If you’ve just turned 40, you might feel you still have a long way to go before retirement. But by 49, it can seem much closer, especially if you’ve been paying down debt instead of saving for retirement.
The decade between ages 40 and 49 can have a significant impact on your financial planning. Whether you’ve just entered your 40s or are on the cusp of turning 50, if you haven’t gotten serious about financial planning yet, don’t put it off much longer. Get started now to help meet your retirement goals.
Defining the 40-Somethings
While popular culture still depicts members of the millennial generation as 20-somethings living with multiple roommates in urban apartments, the oldest millennials were born in 1981, putting them and a growing number of ‘80s-born babies in their early 40s.
Individuals in their mid-40s are sometimes considered “xennials,” a term encompassing later-born members of Generation X (born 1965–80) and older millennials. Those in their late 40s are firm members of Gen X, with birthdates in the early 1970s and careers that launched as employers continued eliminating pension plans.
That’s an important historical point that defines the retirement planning process for most individuals in their 40s. Most don’t have the security of an employer-provided pension and are more likely to have worked for multiple companies during their 20s and 30s. If they didn’t contribute to 401(k) plans early in their career or worked for companies that didn’t offer a plan, they’ll have less than the recommended amount saved for retirement and possibly have more concerns about how long their money will last.
Individuals in their 40s are entering their prime earning years, giving them potentially more money to put away for retirement than they might have had before—or helping them make up for lost time.
Find the financial planning strategies for your age (and read ahead to get ready for the next stage).
By 40, it’s a good guide to have between two to three times your annual salary saved for retirement.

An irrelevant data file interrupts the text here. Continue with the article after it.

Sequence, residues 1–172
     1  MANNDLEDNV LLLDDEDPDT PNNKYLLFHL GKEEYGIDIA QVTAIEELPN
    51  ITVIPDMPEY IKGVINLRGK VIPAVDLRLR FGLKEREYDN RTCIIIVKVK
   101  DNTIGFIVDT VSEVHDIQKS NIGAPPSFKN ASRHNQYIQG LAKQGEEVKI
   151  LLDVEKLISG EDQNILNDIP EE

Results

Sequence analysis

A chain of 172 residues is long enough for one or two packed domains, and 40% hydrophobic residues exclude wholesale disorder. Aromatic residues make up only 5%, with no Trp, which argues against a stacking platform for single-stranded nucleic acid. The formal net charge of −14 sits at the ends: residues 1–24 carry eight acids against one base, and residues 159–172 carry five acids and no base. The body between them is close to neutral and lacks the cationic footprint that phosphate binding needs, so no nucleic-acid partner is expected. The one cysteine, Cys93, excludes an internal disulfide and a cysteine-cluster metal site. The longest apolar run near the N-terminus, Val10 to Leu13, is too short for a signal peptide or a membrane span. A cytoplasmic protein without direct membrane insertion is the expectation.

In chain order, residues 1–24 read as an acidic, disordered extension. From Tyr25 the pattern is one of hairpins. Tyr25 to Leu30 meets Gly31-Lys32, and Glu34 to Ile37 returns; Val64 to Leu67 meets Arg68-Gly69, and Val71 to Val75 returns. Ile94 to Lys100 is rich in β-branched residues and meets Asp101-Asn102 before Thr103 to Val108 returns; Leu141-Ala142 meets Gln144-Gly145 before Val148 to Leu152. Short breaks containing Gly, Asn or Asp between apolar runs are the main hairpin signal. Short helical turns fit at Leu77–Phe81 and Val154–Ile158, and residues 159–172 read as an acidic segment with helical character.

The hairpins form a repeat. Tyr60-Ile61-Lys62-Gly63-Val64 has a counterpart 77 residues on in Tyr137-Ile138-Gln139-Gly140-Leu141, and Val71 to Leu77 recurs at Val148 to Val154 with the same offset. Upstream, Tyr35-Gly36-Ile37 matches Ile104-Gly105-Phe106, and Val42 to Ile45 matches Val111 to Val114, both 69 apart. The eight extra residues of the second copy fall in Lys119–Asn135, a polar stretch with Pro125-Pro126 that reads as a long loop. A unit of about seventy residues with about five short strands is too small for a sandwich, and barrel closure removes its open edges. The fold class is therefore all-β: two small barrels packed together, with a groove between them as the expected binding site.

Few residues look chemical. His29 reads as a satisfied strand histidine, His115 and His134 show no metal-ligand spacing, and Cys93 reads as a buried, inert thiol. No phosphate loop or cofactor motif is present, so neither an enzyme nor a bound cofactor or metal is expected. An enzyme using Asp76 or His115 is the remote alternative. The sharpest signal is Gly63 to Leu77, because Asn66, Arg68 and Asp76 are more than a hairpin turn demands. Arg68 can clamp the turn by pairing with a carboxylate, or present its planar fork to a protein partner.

Not there yet? The good news is that you have more time than your late-40s counterparts to catch up since you may be working longer before retirement. There’s also more time for your investments to benefit from compound interest.
And think about your risk tolerance and when you plan to retire. You may have more time to recover from market downturns (and benefit from upswings). But remember that a broad mix of assets (aka diversification) is a practical strategy.
You can also consider putting 10%–15% of your yearly income away for retirement. And if you haven’t already, it’s a good idea to think about contributing to your workplace retirement account. If you can, try to get at least the full employer match. One employee benefits survey found that 82% of employers that offer a traditional 401(k) plan also offer some kind of employee match on contributions.¹
Opening an individual retirement account (IRA) may help you to save even more. There’s a limit to how much you can contribute annually to a workplace plan ($22,500 in 2023), so an IRA can be a place to invest additional money.
Think about paying down debt and starting (or continuing) to put away money for your children’s college education. That way, you can try to avoid saving for retirement and paying college bills at the same time. Whether your child has years to go before starting college or is much closer, you still have time to put some money in a 529 Education Savings Account for their future.
Much of the same guidance for the early 40s folks applies to individuals in their mid-40s, too, although you may want to put your efforts into overdrive to get the maximum benefit.